So you’ve decided to try boondocking, and like many before you, one of your first questions is “How long will my battery last boondocking?” It’s a pretty straightforward question, but the answer is relatively individualized to your RV and setup.How Long Will My RV Battery Last While Boondocking?
Slay Parasitic & Phantom loads
Take the time to understand how and where your RV uses 12-volt power.
We know running the ceiling lights and furnace draws down the house battery. But what about all those things you can’t see or hear? The LP gas detector, entertainment center display, command center lights, etc. constantly draw amperage out of a house battery when left on.
To determine the amp draw of phantom loads:
- Grab a volt-ohm meter in your 12-volt DC test kit.
- Then pull the fuse for each circuit in the converter.
- Next, measure the amp draw between the fuse terminals with your volt-ohm meter.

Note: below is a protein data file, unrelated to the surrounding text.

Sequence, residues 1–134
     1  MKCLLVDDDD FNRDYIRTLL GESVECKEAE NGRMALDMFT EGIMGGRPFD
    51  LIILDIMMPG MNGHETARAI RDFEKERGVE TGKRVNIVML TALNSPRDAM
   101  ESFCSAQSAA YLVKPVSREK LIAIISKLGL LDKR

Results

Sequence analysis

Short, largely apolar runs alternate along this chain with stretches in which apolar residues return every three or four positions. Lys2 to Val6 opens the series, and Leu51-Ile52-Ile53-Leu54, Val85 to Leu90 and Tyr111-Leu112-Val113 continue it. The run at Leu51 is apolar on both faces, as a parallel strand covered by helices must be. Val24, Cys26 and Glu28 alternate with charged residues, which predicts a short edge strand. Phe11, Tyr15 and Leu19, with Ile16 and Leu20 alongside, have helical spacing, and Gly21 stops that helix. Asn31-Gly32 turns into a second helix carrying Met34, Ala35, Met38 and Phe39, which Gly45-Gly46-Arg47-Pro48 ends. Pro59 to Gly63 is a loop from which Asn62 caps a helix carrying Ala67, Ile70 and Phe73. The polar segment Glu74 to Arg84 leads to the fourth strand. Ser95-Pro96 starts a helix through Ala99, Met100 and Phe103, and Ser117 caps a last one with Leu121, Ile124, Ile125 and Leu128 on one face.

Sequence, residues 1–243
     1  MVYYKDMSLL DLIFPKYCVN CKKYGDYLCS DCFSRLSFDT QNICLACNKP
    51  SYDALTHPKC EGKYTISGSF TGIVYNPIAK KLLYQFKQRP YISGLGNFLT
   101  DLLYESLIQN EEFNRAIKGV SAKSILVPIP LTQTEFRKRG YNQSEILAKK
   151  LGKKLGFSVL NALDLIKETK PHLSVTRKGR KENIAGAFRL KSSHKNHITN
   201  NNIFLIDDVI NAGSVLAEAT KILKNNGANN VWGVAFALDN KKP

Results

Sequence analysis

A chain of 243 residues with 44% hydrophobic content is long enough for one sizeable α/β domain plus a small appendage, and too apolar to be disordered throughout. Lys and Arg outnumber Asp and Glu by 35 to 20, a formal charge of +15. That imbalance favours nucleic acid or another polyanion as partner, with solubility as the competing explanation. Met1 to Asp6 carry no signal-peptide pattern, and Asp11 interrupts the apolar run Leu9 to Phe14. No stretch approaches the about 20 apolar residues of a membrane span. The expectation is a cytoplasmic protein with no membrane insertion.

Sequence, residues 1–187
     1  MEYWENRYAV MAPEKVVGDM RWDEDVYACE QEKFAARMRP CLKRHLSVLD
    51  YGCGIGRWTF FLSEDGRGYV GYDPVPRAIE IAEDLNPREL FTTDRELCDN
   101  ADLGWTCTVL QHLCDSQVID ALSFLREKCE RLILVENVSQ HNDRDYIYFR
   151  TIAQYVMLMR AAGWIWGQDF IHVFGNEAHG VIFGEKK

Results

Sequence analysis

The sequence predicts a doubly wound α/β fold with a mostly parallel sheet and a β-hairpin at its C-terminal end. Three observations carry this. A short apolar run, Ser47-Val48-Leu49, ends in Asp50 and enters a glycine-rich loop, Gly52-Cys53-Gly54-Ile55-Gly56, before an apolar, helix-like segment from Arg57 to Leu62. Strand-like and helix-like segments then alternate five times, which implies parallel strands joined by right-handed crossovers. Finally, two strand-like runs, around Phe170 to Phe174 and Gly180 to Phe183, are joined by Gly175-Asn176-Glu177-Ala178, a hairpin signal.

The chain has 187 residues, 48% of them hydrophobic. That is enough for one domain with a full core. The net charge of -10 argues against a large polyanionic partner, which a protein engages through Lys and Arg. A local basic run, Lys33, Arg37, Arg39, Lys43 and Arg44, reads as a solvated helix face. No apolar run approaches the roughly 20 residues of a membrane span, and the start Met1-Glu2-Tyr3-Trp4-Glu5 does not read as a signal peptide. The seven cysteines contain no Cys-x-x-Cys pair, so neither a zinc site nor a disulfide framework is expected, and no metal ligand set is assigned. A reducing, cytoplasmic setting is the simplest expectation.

Be careful though! Most volt-ohm meters can only measure up to 10 amps without incurring damage. Therefore, don’t test the ceiling light circuits with all the lights on or the furnace while running, etc.
Why you need to special attention to the amp draw of your RV refrigerator.
Many Dometic refrigerators have a heat strip in the door frame at the top of the refrigerator section. This is intended to reduce the formation of condensation and wetting the seal. However, the strip draws 1 amp per hour out of your house battery when the refrigerator is turned on. That’s 24-amps per day or one half the usable reserve capacity of a typical deep cycle battery!
Some Dometic refrigerators a hidden switch allowing you to disable this feature. Other options are to disconnect it or install your own switch.
Some Norcold refrigerators are equipped with a cold weather kit designed to keep the refrigerator operating normally in sub-freezing weather.